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Red Banners and Demons

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These images show Tibetans prostrating in front of the Potala palace, the former seat of the Dalai Lama and his government. They were taken in June 2008 – after the unrest of March and two months before the beginning of the Beijing Olympic Games in August of the same year. The red banner reads "Everyone protect cultural heritage and share the fruits of its protection"; the slogan below means "The united nationalities welcome the Olympic Games with one heart".

This was a devious arrangement, it seemed to me. Every prostrator paying respect to the Potala and its absent master would at the same time be bowing to these propaganda slogans. In June 2008, Lhasa was full of red banners of this kind. Wherever you turned, they were in your face. However, the Tibetans around me hardly took any notice. This puzzled me because otherwise the tense political situation was the main topic of conversations.

Red banners are used not only for political messages but also for advertising. Was it just that they were so common that nobody noticed them anymore? – Maybe, but the surge of red banners during this time was simply too obvious to overlook. Or was it that Tibetans actively chose to ignore them? – Possible, but not very likely given the fact that people were otherwise extremely heedful of the smallest symbolic gestures. The banners were not a target of cynical comments, nor did people actively look the other way. They seemed to be able to look right through these banners as if the slogans were directed to someone else.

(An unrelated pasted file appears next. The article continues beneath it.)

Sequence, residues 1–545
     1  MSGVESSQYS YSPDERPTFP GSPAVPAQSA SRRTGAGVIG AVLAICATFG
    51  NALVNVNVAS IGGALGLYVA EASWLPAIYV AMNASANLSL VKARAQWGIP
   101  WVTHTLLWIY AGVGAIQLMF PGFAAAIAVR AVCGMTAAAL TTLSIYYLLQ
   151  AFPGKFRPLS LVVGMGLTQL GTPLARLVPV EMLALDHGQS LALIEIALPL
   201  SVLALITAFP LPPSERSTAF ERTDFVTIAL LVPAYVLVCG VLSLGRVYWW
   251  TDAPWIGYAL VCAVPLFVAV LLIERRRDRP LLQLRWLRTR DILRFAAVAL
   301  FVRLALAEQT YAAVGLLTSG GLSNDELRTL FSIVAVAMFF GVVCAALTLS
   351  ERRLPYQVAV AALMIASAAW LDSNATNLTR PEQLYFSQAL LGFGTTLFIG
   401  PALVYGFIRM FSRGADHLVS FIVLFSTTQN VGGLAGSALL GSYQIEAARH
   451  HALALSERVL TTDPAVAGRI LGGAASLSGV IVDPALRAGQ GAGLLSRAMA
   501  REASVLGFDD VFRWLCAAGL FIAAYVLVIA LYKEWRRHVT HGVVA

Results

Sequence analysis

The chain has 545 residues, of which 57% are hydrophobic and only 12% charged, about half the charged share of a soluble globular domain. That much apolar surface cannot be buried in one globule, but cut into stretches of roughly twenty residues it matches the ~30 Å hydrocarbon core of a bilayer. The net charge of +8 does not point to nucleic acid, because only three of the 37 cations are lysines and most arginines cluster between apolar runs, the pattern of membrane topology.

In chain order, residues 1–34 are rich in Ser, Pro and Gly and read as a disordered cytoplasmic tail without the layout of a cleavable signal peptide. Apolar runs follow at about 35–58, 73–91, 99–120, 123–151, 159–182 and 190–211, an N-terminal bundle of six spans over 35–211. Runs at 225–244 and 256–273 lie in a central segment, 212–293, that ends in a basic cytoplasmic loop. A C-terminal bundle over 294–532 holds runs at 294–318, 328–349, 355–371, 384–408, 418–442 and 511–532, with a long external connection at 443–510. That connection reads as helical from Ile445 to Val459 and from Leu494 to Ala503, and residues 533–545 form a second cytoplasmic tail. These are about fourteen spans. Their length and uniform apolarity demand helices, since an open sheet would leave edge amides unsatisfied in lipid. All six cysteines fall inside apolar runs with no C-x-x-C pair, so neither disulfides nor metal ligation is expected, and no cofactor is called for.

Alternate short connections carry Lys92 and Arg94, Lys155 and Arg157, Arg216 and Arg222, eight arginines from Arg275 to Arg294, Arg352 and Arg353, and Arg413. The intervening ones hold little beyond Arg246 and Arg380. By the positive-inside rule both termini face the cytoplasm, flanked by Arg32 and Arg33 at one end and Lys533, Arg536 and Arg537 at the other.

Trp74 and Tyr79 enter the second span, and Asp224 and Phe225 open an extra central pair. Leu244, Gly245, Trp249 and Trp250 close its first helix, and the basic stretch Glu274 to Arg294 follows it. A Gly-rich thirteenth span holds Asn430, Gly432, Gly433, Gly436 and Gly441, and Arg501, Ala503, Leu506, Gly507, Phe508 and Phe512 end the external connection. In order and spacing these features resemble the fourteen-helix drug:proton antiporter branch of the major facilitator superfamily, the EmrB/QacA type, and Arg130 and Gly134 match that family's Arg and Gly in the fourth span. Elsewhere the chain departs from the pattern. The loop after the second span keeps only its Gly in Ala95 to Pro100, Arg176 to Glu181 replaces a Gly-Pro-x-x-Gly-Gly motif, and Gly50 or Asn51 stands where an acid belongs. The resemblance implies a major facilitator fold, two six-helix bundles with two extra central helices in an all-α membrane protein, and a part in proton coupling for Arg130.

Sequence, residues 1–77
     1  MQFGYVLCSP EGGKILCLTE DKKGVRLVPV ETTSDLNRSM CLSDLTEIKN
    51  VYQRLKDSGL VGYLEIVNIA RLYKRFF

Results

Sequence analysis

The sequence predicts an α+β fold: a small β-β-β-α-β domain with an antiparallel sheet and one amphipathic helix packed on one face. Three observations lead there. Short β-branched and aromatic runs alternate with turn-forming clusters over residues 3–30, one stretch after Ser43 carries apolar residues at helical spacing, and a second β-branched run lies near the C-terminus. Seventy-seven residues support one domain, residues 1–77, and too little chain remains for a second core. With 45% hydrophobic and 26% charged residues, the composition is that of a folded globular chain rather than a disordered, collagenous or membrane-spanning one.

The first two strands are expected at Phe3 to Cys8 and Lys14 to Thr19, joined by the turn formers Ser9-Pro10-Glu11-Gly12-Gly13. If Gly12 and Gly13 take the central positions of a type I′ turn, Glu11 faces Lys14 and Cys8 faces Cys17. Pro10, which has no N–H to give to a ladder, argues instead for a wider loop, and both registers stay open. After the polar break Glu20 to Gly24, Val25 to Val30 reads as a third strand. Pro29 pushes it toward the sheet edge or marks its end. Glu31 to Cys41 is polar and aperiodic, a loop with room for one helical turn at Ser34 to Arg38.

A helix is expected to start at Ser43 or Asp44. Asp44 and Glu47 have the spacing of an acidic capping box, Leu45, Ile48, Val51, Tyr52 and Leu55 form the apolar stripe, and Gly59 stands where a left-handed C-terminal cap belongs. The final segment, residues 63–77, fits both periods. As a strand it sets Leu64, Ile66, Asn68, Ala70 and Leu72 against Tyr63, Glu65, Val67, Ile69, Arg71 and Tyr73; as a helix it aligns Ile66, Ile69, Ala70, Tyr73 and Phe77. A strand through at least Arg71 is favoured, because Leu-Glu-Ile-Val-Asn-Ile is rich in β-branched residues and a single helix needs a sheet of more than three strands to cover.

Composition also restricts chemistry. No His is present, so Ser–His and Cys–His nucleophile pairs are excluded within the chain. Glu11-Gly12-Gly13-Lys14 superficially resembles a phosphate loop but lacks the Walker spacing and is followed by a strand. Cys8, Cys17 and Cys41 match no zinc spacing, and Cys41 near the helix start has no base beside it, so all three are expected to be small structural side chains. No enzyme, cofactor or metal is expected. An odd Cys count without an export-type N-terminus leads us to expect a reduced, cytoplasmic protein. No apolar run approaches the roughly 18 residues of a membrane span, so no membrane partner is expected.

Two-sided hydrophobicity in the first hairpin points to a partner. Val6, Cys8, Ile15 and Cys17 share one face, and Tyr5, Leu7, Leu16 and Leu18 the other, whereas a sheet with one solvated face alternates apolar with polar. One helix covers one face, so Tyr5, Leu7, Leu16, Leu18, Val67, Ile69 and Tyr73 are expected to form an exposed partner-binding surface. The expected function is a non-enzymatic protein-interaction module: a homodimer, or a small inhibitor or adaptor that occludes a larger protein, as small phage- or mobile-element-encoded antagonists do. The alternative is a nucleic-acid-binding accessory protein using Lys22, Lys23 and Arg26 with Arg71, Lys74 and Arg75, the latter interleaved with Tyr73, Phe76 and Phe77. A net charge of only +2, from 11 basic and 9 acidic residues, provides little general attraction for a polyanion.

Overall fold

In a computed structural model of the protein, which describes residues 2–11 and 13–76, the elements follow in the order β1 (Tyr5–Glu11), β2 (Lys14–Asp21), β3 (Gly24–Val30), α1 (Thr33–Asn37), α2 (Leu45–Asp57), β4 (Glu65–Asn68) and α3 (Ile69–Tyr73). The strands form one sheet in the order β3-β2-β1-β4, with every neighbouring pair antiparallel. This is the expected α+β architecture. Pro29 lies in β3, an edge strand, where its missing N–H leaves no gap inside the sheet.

Now, I think that precisely this may have been the case. The banners were not put up by the central or local governments, but the post offices, schools, airlines, travel agencies or, in the case of the banners described above, the Potala Palace Management Office. Private companies and work units, large and small, used red banners to proof their loyalty to the Party State and its Tibet policies. They may have followed vague orders from somewhere above, but more likely, most of them acted preventively — in order to avoid being criticised for not taking a clear stance. If so, however, these banners were not meant to appease political unrest but the potential scrutiny of the Party State. Read in this way, the banners were a symbolic offering to an angry demon, and the prostrators paying respect to the Potala's absent master had no reason to feel offended.

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